1. Who are the learners you serve?
Project READ serves adult learners who are trying to improve their reading, math, writing, English, preparing for the GED, or preparing for the Citizenship exam. Learners are considered Adult Basic Education (ABE) learners or English as a Second Language (ESL) learners. ABE learners are usually native English speakers who need to improve basic skills, obtain a GED, or prepare for specific tests and evaluations. ESL learners are traditionally immigrants or refugees who range in ability from literacy levels ("What is your name?") to transitional English, which is pre-college level. ESL learners in our program come from Africa, Asia, Central America, Europe and South America. Learners range in age from 17 to 70.
2. What are the needs of the learners?
ABE learners request assistance with reading, writing, spelling, math, or test preparations. ESL learners request assistance in developing their English speaking, listening, pronunciation, reading and writing skills. Nearly all the learners benefit from the personal attention to their learning goals. As they improve their skills, their self-confidence increases.
3. What services do you offer learners?
Learners are eligible for two hours of tutoring per week.
4. What would I do as a tutor?
There are several ways that tutors can provide help: first, working with a learner one-on-one; second, working in a small group situation; or third, participating in an ESL conversation group.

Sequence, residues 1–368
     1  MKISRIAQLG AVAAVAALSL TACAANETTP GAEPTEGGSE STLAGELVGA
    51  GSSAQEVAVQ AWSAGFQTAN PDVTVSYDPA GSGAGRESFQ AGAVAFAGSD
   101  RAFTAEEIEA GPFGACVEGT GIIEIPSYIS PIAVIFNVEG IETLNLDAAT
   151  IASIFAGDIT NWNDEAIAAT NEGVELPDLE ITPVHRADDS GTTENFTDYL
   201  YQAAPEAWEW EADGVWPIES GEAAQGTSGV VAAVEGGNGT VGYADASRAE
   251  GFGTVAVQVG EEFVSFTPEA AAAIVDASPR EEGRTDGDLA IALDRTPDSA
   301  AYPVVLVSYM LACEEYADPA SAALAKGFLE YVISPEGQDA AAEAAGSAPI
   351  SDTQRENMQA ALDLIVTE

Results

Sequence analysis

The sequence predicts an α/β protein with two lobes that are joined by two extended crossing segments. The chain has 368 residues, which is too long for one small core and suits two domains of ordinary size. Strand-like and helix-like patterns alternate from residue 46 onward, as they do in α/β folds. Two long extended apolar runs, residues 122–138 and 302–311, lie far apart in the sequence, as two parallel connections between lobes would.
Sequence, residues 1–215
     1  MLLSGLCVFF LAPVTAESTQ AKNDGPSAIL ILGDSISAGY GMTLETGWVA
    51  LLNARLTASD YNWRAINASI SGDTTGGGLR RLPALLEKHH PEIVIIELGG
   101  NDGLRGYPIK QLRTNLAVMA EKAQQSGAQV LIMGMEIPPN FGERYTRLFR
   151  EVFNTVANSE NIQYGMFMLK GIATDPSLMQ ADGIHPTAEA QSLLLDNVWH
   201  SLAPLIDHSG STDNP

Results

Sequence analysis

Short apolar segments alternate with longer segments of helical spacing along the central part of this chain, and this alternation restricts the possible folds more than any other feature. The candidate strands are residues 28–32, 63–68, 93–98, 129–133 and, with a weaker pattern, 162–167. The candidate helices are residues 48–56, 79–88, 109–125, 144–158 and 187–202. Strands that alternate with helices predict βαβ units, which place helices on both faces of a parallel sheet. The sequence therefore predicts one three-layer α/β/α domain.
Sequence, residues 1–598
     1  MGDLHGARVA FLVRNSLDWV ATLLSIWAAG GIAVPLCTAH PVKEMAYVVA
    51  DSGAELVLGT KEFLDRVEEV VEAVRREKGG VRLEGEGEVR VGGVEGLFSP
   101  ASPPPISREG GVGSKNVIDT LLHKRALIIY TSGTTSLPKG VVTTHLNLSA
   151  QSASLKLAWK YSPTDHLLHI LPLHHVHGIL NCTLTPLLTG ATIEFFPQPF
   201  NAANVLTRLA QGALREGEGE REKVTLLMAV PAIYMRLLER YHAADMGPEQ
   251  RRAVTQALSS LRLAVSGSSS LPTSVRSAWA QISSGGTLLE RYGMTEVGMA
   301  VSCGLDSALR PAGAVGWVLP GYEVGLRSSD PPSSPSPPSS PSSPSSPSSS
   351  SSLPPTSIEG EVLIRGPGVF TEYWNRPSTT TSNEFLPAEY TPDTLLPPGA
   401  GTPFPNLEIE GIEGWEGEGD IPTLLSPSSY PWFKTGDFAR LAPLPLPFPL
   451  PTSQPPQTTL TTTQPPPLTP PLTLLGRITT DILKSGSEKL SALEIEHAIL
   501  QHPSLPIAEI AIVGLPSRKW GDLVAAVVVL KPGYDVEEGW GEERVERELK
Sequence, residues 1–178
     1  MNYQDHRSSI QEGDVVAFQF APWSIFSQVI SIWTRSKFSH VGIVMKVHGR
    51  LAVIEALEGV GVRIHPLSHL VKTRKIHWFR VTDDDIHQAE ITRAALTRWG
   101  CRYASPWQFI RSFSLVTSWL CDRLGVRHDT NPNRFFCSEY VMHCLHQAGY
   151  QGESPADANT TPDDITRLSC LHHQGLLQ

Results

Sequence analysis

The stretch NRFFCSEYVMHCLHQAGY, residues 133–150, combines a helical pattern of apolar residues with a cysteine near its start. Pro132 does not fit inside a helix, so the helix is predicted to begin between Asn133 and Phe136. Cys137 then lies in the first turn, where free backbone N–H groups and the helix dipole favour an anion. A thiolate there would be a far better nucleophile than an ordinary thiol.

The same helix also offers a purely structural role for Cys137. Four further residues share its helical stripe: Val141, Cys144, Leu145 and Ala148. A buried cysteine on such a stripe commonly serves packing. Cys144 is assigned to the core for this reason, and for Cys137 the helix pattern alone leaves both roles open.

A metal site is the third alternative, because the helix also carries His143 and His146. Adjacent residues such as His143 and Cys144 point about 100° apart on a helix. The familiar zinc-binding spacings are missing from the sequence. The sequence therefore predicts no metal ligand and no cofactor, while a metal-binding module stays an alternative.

5. What is the time commitment involved?
Tutors are asked to commit to a minimum of two hours per week for six months.
6. Where does tutoring take place?
All tutoring takes place in the Longview Public Library.
7. What kind of training or support would I receive as a tutor?
Tutors are required to attend an 8-hour training session. This training will provide an overview of cultural issues, teaching strategies, and specific activities for your tutoring sessions. Individual training and quarterly sessions providing specific material training or tutor sharing opportunities are offered throughout the year. The Adult Literacy Coordinator will provide information, guidance, and training. Project READ maintains a collection of literacy materials for use by the learners and tutors.
8. What qualities are you looking for in a tutor?
One of the most important qualities in serving as a tutor is having respect for the life experiences of each learner. Tutors should be supportive of the learner's effort and help him/her to build confidence as well as skills. Patience and enthusiasm are also valuable traits in empathizing with the learner's situation and encouraging her/him to be excited about learning. Creativity and flexibility are also key factors in that tutors must be willing to explore a variety of ways to best assist their learner.
9. What challenges might I face as a tutor?
As a tutor, you will face different types of challenges. Parking is an issue at the library at different times, especially during the book sales. Scheduling can be a challenge due to changes in availability because of work or family commitments. As these changes occur, the coordinator tries to make the transitions as smooth as possible. Also, developing activities for the tutoring sessions can be challenging. The coordinator will provide as many ideas and suggestions as necessary and the library materials contain many interesting and effective activities.
10. What do I do next if I am interested in volunteering?
You need to fill out an application packet to be a volunteer. You can request one from Elizabeth Partridge in the Project READ area. We will schedule an interview with you to explore your interests and concerns and clarify the details of the volunteer positions. We will then find a suitable match for you and discuss training, scheduling and materials for tutoring. Then you can begin to enjoy your experience helping learners reach their learning goals!